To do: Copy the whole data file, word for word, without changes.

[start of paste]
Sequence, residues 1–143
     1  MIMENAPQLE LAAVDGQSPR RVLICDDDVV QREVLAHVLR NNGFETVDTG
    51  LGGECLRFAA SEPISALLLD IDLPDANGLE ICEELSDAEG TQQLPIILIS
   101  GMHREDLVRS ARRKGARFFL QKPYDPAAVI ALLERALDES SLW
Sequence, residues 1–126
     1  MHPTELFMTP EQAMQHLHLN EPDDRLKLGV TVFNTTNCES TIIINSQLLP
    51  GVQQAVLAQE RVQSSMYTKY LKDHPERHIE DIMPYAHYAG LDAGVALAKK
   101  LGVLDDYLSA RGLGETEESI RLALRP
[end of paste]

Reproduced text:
Sequence, residues 1–143
     1  MIMENAPQLE LAAVDGQSPR RVLICDDDVV QREVLAHVLR NNGFETVDTG
    51  LGGECLRFAA SEPISALLLD IDLPDANGLE ICEELSDAEG TQQLPIILIS
   101  GMHREDLVRS ARRKGARFFL QKPYDPAAVI ALLERALDES SLW
Sequence, residues 1–126
     1  MHPTELFMTP EQAMQHLHLN EPDDRLKLGV TVFNTTNCES TIIINSQLLP
    51  GVQQAVLAQE RVQSSMYTKY LKDHPERHIE DIMPYAHYAG LDAGVALAKK
   101  LGVLDDYLSA RGLGETEESI RLALRP